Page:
It’s December, folks. In case you haven’t heard the announcements about upcoming concerts, special assemblies, fire drills, and semester exams, the close of the first semester is upon us. In the midst of all of these deadlines and Secret Santa lists, it’s easy to lose track of the path to proficiency. I know it’d be easy to just talk about holiday celebrations in the target language countries for now and just pick up with real lessons in January at the start of the second semester, but we all know that proficiency takes time to build.

So, how can we take time to enjoy the holiday season, prepare students for exams, and still enjoy ourselves? It’s so difficult because we teachers are often overachievers. In fact, that may be why we became teachers in the first place–we were those students who loved every minute of school, and we want to the share that with the next generation.

Here are some tips on how to beat the December Doldrums:

1. Celebrate with your students.

Celebrate all they’ve accomplished over the course of the semester in terms of proficiency. Take some time to reflect on what they could do at the start of the semester, and compare that with all they can do now. What more can they say? How much more can they write? How are they utilizing follow up questions? Take some time, before the exam, to reflect on their growth and to praise them for how far they’ve come. Often, I have thought I wasn’t really getting through to my students until I was grading assessments, and I saw they used a certain complex structure or were using more advanced vocabulary. I was focusing on what they hadn’t learned rather than what they had.

2. Reorient your students.

Remind your students of your targets at the end of the year and how you are going to reach them. Start talking about the next year of study, and encourage them to think about expanding their skills over the next year. That kind of goal-setting is encouraging to students because they see what they’ve accomplished already, so they are certain they can reach the next target. You have built so much into your students so far; don’t let the momentum subside at the sight of cookies and egg nog.

3. Pace yourself.

There are going to be plenty of holiday parties coming up after school in addition to the parties at school from PTA, student groups and clubs, as well as gifts from parents. And all of this is going on while you’re planning for lessons, reviews, and exams. Not to mention grading. So remember to pace yourself. Have a cookie or two while planning. Dip into the egg nog as a reward after those grading sessions. And remember to keep up with your exercise routine, too. Just because the weather is colder and the sun is setting sooner doesn’t mean there’s not a beautiful world out there to discover. Set your timers, live your life, and remember that the break is coming soon.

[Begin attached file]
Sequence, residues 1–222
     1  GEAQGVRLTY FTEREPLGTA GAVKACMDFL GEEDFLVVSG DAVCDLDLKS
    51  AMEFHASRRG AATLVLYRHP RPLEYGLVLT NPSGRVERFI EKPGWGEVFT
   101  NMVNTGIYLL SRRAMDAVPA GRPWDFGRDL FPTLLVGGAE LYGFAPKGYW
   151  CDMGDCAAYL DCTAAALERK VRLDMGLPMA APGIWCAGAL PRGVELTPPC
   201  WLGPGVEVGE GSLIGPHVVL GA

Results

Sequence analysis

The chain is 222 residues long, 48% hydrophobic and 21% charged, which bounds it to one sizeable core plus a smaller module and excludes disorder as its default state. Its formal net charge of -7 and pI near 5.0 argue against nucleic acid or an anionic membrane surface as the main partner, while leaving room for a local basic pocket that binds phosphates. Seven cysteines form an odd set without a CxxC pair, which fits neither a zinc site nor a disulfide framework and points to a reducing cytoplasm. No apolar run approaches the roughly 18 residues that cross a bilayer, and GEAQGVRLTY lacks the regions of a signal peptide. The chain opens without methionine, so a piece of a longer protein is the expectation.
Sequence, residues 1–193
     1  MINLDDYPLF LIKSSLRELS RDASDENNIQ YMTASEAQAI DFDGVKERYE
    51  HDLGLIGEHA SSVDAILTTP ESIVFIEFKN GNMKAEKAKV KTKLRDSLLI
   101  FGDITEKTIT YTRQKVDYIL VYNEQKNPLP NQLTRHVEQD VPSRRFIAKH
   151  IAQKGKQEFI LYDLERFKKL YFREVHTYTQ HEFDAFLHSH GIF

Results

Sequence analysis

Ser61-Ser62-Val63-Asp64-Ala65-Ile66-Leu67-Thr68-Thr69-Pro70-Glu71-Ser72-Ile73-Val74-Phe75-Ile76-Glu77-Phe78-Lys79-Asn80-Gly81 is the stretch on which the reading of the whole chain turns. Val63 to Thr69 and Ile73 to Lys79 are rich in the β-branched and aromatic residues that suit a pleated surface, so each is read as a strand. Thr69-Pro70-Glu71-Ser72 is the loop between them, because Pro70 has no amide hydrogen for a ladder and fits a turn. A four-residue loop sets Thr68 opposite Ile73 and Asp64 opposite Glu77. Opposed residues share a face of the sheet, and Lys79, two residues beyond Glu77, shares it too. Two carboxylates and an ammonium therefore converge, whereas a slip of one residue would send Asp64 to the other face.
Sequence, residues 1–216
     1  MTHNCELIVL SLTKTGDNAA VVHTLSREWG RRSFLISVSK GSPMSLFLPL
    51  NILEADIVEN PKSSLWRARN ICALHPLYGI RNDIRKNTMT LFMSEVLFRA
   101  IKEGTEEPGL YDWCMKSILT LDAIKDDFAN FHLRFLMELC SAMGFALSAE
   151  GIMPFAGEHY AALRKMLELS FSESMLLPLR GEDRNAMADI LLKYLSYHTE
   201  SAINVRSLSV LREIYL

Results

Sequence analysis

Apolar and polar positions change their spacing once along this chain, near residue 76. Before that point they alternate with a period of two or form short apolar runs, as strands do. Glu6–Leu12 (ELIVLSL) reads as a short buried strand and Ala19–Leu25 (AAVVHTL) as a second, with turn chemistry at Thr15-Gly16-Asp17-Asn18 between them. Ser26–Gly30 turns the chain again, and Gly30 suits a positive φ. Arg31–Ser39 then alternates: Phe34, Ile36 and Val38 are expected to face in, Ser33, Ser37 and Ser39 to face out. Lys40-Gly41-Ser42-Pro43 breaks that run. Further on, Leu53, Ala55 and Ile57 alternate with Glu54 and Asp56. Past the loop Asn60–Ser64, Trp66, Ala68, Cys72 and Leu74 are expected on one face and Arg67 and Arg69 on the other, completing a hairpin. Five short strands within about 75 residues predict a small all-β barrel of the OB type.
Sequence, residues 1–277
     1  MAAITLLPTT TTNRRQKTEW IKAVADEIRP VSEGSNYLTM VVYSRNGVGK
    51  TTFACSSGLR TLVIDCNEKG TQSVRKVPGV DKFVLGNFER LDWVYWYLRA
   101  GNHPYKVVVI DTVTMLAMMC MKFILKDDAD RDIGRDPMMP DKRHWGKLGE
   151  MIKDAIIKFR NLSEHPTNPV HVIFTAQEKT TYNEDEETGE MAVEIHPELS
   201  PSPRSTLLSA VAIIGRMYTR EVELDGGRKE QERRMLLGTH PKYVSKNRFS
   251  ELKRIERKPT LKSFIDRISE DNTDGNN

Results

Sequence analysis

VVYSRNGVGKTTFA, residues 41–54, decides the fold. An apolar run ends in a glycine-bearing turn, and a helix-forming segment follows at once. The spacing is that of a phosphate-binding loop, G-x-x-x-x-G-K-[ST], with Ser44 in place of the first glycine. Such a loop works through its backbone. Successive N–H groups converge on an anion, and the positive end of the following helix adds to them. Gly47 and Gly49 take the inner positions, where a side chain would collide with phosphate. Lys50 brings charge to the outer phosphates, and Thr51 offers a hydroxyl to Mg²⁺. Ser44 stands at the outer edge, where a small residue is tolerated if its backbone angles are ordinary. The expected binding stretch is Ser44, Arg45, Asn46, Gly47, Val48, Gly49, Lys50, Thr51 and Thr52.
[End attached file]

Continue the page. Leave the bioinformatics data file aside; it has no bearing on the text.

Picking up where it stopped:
4. Collaborate with colleagues.

It’s so easy to have tunnel vision about finishing our classes this time of year that we forget to check in with our colleagues. Remember to keep up that collaboration on an activity, lesson planning (we could all use a few extra minutes on this one, am I right?), and reviewing for exams. We don’t go it alone the other times in the semester, so we can lean on our colleagues during this time, too. And remember, like Bill Withers said, “Lean on Me.” This is the perfect time of year to take a cup of coffee to that colleague who might be new on the team or to say “Thank you” to that administrator you’ve worked closely with this semester.

5. Have fun.

Things will not go exactly as you thought. Despite everything you’ve planned or how you’ve planned around potential distractors for class, sometimes things come up that we cannot avoid, so have fun and laugh when life throws those curve balls your way. You and your students have worked incredibly hard this semester. When all else fails, remember what you’ve learned about your students in order to start next semester strong knowing that you can reach them even better. The holidays should bring us joy, so revel in that even while teaching.

How do you beat the December Doldrums? The Fall Frownies? The Midterm Mishaps? The Semester Sadness? Remember, proficiency is a path, so enjoy the journey! Let’s encourage each other along the way.

Published by Paul Jennemann

Paul Jennemann is the coordinator of an elementary school dual language immersion magnet program, has served on the curriculum revision team, and has facilitated district-wide professional development with Shelby County Schools (TN). Paul holds undergraduate degrees in Spanish and French and a graduate degree in Spanish with a focus on language acquisition and pedagogy. Paul lives in Memphis, Tennessee, with his wife and two sons, where they love to go to the park, go to the zoo, and cook together.

2 replies on “Mid-year checkup”

  1. Gracias, Pablo, muy bien expresado! Felices fiestas para ti y tu familia, y para tus alumnos!

  2. ¡No se olviden del modo interpretivo! Language acquisition can be measured through student’s ability to understand what they listen to, view, and what they read. In fact huge gains are made.

    Many students have come to me this year saying that they understand conversations that they hear and a lot of what they watch on TV news.

    They’re starting to see why we pitched 90% plus in the TL. They are singing songs knowing the lyrics and the meaning of the lyrics.
    They are getting some jokes and popular sayings. And most importantly they’re learning a lot about the culture –not the Disney translated into Spanish culture but the real culture.

    On a recent @teawithBVP episode, it was discussed the speaking and writing abilities are only partially important in showing language acquisition.

    So learn about El Gordo in Spain and Las Posadas en Mexico… ¡Felices Pascuas!

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